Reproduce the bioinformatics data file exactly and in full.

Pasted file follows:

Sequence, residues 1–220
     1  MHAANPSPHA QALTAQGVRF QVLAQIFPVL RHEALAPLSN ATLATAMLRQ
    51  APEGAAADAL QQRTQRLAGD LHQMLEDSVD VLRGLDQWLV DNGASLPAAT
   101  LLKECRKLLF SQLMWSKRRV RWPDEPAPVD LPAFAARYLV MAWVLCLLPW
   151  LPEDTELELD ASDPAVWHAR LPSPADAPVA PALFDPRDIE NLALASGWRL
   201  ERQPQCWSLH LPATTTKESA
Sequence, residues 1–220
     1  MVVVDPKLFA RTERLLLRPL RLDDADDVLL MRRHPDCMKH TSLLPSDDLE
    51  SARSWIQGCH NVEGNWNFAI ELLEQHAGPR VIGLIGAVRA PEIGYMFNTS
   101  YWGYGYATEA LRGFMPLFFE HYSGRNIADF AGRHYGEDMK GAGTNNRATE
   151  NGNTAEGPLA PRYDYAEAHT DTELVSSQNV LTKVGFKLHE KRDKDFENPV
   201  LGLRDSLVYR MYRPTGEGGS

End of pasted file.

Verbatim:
Sequence, residues 1–220
     1  MHAANPSPHA QALTAQGVRF QVLAQIFPVL RHEALAPLSN ATLATAMLRQ
    51  APEGAAADAL QQRTQRLAGD LHQMLEDSVD VLRGLDQWLV DNGASLPAAT
   101  LLKECRKLLF SQLMWSKRRV RWPDEPAPVD LPAFAARYLV MAWVLCLLPW
   151  LPEDTELELD ASDPAVWHAR LPSPADAPVA PALFDPRDIE NLALASGWRL
   201  ERQPQCWSLH LPATTTKESA
Sequence, residues 1–220
     1  MVVVDPKLFA RTERLLLRPL RLDDADDVLL MRRHPDCMKH TSLLPSDDLE
    51  SARSWIQGCH NVEGNWNFAI ELLEQHAGPR VIGLIGAVRA PEIGYMFNTS
   101  YWGYGYATEA LRGFMPLFFE HYSGRNIADF AGRHYGEDMK GAGTNNRATE
   151  NGNTAEGPLA PRYDYAEAHT DTELVSSQNV LTKVGFKLHE KRDKDFENPV
   201  LGLRDSLVYR MYRPTGEGGS